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Discussion Starter #1
Hi,

I'm wondering how normal speaker stands are mass loaded with sand/lead? Where are the holes? At the side of the columns or on top at the top plate/platform? I might be constructing my own speaker stands with steel, so I need to know where I need to put holes and stuff for loading...I'm interested in a 4 thick column design like the Plateau V-25 at http://avfurnishings.com/Display.asp?Product=400


Also, I can't seem to find any center speaker stands around. Can someone point me in the right direction to get inspiration?


Thanks!
 

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Wood Technology/Metal Technology makes 3 models of center channel speaker stands. The CT-12E (12" high), the CT-18E (18" high), the CT-28E (28" high). All are black metal, include floor spikes, isolation pads, and hidden wire path. MSRP is $69.95 - $79.95. Contact me at: http://www.mrhookup.org if you want me to put you in touch with my supplier.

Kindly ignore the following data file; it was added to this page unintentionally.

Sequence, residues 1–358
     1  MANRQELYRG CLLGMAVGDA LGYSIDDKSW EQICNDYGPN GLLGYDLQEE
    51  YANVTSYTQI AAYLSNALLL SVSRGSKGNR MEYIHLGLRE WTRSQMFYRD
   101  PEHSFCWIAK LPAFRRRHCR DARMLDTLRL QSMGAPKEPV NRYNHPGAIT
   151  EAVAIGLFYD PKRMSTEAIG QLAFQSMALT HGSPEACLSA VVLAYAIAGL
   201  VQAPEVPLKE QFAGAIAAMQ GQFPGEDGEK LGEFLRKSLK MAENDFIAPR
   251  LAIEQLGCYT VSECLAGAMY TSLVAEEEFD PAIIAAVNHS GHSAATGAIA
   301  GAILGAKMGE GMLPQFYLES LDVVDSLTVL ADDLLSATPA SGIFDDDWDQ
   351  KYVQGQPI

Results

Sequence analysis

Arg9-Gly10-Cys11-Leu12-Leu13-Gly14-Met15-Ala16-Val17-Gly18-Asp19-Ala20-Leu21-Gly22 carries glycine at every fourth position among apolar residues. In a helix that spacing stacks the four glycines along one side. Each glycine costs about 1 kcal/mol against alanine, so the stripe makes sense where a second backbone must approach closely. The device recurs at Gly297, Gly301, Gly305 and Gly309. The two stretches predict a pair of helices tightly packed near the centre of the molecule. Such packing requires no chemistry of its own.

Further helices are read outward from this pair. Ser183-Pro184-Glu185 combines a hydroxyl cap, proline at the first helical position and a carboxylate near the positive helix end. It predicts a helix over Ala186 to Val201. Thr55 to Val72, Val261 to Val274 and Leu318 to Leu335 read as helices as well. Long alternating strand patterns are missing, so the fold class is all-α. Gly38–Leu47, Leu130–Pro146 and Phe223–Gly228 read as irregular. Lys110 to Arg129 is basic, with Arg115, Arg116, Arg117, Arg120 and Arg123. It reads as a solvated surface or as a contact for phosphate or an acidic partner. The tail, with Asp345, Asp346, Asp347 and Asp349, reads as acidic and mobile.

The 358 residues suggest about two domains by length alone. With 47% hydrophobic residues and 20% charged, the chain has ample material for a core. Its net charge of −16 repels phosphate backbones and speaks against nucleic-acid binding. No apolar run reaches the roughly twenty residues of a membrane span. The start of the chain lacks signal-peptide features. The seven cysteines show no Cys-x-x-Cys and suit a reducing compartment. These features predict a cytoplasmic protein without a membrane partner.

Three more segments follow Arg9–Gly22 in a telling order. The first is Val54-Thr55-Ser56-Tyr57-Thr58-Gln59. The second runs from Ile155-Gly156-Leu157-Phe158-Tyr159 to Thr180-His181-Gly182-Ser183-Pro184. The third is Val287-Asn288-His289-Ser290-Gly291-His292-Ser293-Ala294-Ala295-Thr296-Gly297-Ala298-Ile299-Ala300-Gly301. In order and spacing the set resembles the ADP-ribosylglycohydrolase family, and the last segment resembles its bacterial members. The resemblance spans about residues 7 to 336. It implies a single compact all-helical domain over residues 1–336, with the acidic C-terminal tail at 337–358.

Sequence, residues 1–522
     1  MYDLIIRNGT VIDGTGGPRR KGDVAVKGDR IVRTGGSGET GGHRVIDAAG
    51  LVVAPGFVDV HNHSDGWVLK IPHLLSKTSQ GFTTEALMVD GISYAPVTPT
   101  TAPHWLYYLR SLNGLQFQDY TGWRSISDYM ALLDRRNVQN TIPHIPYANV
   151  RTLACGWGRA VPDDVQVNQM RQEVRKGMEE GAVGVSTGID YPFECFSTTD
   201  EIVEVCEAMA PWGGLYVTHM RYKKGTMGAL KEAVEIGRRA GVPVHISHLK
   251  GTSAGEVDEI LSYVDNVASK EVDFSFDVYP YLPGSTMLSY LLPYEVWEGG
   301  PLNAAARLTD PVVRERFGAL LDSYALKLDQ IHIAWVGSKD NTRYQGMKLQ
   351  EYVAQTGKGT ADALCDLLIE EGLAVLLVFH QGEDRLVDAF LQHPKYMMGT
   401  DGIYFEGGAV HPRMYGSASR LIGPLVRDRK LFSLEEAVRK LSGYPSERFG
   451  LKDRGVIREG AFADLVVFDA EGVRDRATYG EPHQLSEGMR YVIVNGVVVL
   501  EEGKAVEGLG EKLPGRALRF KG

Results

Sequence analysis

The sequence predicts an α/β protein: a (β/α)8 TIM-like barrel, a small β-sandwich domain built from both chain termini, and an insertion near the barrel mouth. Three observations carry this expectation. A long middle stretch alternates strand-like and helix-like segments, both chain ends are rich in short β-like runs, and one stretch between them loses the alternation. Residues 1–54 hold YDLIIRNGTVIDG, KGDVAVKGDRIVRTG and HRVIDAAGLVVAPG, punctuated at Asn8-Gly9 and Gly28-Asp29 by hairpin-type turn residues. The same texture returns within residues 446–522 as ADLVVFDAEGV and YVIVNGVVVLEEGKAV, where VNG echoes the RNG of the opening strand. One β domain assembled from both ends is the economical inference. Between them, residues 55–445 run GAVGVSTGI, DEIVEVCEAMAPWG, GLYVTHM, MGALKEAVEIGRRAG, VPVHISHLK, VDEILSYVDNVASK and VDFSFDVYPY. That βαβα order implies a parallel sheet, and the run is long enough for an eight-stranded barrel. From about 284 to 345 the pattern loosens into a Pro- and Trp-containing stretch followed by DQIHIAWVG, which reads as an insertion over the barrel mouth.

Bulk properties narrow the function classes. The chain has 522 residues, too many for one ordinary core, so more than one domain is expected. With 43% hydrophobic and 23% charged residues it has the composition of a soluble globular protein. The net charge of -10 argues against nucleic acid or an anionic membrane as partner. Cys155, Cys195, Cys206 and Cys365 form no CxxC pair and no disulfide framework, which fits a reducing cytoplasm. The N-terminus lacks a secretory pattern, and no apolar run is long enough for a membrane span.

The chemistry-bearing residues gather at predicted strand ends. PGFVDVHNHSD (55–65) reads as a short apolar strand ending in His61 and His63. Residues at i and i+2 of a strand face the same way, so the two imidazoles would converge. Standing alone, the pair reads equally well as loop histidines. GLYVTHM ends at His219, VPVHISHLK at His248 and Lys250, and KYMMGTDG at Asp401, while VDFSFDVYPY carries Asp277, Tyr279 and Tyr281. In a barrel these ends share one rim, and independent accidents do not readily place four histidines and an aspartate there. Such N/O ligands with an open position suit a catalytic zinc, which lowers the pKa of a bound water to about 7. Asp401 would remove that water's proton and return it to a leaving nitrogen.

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check audioadvisor.com they usually have a wide selection of such items.


To answer your question about loading: Since you're building them yourself however works best for you to load them is the way you should do it. There are manufacturers who use each of the methods you listed.


Kirk
 

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I use a Sound Anchor center channel stand.


Their site is hard to navigate but the stands are great. The particular model I bought is the CC-3 from this page. Adjustable height and angle; in black. It came pre-loaded so I don't know where they insert the weight. :(
 

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Discussion Starter #5
For the center speaker I'm thinking of just using a solid wooden block with a granite/marble slab on top, would that be a good idea?
 

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The only problems I can think of for laying a center channel on a solid surface is getting the baffle out in front of the surface to keep early reflections from causing a combing problem and isolating one large surface (the platform) from another (the cabinet bottom) to reduce vibrations.


For the combing problem, letting the front of the speaker overhang the surface should do it. For the isolation, some rubber dampeners stuck to the bottom of the cabinet should do it.


As for how this *really* live object (a solid block of wood will reflect sound very well) will fit into the over-all sound environment, I'll leave that to you. :)
 
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